Cultural Implications of the Loss of Evil Forests in Nigeria: Application and Understanding Ecological Christology of Colossians 1:15-18

Cultural Implications of the Loss of Evil Forests in Nigeria: Application and Understanding Ecological Christology of Colossians 1:15-18

Ojo Olarewaju Paul (University of Uyo, Nigeria)
DOI: 10.4018/978-1-7998-2574-6.ch002
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That there is a missing link between environmentalists' understandings of and the application of the supremacy of Christ and the church over creation cannot be ignored. This has warranted a negative view of this doctrine in the face of current global ecological problems. In traditional African communities there was ambiguous reception of the Christian church, with its operational base confined to certain dangerous and ecologically orphaned ‘evil forests'. It is from these evil forests that the church has positively produced the present educational and political elite who should in turn protect the environment. With this fact, the multi-dimensional approach to tackling the ecological crisis in Nigeria will be set on a positive course.
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That the earth is facing an environmental crisis has long been observed. Evidences still abound in the form of loss of animal and plant species, land degradation, depletion of energy resources, and climatic change to mention but a few. Climatic change is the concern of not only governments and environmental organizations (Omenyo, 2008); even individuals are feeling the effects of climatic change. In Nigeria there is desert encroachment in Northern parts, the drying up of lake Chad, the monstrous gully erosions that is now sweeping the Southern part of the Niger-Benue valley which most often lead to loss of human lives, and properties. As a result of the environmental crisis, there is the depletion of energy resources such as firewood, and crude oil, crop land and all other future consequences such as desertification of wild life and of fisheries, erosion has been the order of the day in Nigerian communities.

Various world bodies have noted this crisis with some of them responding in one-way or the order. Christianity, however, has been accused of contributing to this crisis. Some environmentalist have found problem in the Christian view that humanity was given dominion over the earth by God (Omenyo, 2008). They argue that instead of caring for the environment as servants and steward of God and with love, respect, justice, creativity and interest of other creatures, humanity has dominated creation in a marginalized way. The need for development has led to humanity plundering the creation for its selfish needs. L. White looking at the Christian doctrine of creation, for example, accused the religion of being the most anthropocentric religion the world has ever seen and as a result of this Christianity bears major responsibility for the ecological disaster (Omenyo, 2008).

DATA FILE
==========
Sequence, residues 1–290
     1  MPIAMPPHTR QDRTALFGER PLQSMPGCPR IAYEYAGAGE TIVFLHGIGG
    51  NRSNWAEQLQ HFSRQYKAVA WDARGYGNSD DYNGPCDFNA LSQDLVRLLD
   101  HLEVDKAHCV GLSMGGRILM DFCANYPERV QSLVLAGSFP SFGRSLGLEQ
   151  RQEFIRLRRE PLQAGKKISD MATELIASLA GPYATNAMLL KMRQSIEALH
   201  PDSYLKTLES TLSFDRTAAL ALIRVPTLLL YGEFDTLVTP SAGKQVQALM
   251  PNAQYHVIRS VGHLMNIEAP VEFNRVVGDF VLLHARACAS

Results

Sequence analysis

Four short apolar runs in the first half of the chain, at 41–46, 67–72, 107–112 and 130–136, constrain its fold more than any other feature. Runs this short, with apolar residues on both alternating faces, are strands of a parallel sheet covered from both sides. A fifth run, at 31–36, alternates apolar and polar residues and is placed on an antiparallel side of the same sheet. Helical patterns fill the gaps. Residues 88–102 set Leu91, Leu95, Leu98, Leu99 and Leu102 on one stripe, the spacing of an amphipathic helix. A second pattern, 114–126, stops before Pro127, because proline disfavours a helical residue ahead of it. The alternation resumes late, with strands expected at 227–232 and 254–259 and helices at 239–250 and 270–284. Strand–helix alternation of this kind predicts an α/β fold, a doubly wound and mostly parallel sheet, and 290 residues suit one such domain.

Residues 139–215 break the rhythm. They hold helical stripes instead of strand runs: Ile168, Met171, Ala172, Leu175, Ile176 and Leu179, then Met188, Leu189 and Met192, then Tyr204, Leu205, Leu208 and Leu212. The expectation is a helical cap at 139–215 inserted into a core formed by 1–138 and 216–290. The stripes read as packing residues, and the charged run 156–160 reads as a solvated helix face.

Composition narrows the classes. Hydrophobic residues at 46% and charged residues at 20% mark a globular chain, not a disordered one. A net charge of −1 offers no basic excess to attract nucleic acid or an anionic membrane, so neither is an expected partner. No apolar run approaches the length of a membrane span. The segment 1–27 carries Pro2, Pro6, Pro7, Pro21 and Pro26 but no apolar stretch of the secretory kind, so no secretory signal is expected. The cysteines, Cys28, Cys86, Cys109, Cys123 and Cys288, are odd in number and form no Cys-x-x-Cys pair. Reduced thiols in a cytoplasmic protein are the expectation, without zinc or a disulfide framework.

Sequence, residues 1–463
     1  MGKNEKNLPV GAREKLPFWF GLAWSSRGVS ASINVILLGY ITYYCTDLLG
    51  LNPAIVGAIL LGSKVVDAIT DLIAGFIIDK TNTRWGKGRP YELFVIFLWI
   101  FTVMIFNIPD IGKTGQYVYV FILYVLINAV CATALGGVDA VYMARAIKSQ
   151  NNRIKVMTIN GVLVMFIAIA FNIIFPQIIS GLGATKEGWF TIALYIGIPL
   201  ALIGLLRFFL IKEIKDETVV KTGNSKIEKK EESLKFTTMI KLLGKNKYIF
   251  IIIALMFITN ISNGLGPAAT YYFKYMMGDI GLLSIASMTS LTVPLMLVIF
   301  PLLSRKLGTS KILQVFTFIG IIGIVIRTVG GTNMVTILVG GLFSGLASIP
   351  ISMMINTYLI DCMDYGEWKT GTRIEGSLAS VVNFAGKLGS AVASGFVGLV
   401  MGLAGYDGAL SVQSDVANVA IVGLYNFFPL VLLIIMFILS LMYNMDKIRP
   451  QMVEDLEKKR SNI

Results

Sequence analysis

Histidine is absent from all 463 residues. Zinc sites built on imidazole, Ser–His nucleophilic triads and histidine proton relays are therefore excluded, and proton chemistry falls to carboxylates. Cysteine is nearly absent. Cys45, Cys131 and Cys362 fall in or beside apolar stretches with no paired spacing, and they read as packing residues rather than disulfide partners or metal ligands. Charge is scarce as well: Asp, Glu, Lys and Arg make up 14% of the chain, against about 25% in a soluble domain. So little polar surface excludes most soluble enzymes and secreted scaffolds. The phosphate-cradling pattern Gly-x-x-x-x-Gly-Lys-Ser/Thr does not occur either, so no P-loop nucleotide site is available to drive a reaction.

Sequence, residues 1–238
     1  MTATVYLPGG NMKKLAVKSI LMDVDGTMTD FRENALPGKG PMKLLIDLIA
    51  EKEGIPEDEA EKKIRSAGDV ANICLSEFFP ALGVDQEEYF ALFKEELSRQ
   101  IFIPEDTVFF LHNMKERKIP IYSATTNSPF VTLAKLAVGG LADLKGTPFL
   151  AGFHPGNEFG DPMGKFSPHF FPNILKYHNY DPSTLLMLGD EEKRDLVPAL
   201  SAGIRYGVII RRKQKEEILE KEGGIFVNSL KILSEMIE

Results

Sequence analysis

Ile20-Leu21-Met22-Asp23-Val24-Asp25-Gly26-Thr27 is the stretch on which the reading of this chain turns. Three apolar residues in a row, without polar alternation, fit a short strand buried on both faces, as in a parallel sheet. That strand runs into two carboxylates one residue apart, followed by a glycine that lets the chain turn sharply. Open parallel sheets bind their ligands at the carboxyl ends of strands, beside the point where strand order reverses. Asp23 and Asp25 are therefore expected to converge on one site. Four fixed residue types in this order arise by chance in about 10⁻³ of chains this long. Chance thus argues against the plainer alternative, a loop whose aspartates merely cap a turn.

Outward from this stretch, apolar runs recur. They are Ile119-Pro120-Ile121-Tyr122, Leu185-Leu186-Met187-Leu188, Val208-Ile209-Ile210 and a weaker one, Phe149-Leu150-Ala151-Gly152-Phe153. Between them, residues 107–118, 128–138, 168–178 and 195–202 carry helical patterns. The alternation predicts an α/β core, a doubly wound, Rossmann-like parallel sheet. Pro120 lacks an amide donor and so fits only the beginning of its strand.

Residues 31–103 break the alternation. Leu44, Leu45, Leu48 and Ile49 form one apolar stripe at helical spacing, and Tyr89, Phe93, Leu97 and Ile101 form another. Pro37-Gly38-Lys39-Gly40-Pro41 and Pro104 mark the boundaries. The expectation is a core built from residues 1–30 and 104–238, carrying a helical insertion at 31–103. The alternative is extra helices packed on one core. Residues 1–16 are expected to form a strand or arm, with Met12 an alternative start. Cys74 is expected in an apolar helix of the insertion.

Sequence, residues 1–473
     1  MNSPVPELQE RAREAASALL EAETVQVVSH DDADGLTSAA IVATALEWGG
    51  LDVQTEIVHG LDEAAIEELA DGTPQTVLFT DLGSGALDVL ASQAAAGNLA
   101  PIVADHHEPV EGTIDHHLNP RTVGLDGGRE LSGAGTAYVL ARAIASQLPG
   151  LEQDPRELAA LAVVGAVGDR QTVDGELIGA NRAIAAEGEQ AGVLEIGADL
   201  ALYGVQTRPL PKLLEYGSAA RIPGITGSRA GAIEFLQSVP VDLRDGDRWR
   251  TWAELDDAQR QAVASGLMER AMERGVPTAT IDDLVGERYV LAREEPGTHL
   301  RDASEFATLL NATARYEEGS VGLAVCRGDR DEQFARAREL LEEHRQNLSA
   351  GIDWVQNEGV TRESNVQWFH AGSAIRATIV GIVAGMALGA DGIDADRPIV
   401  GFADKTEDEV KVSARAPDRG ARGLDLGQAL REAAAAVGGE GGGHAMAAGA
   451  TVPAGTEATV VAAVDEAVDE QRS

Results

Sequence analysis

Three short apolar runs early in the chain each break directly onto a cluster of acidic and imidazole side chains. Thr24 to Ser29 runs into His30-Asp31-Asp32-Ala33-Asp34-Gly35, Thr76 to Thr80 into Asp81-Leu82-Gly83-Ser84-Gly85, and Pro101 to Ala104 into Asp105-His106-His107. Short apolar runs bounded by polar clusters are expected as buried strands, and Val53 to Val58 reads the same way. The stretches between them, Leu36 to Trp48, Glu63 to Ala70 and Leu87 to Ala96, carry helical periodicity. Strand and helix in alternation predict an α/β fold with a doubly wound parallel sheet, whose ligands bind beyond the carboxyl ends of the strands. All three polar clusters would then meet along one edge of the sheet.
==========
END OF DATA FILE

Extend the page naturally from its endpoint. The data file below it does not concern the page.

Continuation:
On the surface L. White’s view sound factual, especially in Africa and other former colonized states where Christianity, colonialism and developments came bundled together in one package. In the name of development and civilization local beliefs and traditions, which for centuries had helped conserved the environment, were demonized (Oyewole, 2003). For many different reasons Christians have supported industrialization without considering its effects on the environment (Omenyo, 2008). It is for this reason that White accused the religion of bearing the blame of the present ecological crisis (Omenyo, 2008).

But as those who wrote after the publication of White’s work correctly noted, it is not the Christian sacred books that promote wanton destruction of nature by humanity (John, 2005). Rather it is the interpretation of the scriptures in the Western world that led to the ecological crisis.

It is on this note that this paper seek to buttress the innocence of the church, with the consideration of how in most parts of the traditional communities in Nigeria, the church was not welcome, and where she was, she was given certain areas that were ecologically orphaned to be used for worship, schools and other activities (Ayandele, 1966). This work examines the ecological Christology of Col. 1:15-16 and x-rays how the church as armed with the truth of this theology was able to convert the ‘evil forest’ to center of faith, civilization and development. The work also seek to show the missing link between the missionary work of the church and current ecological disaster that is been experienced presently in Nigeria.

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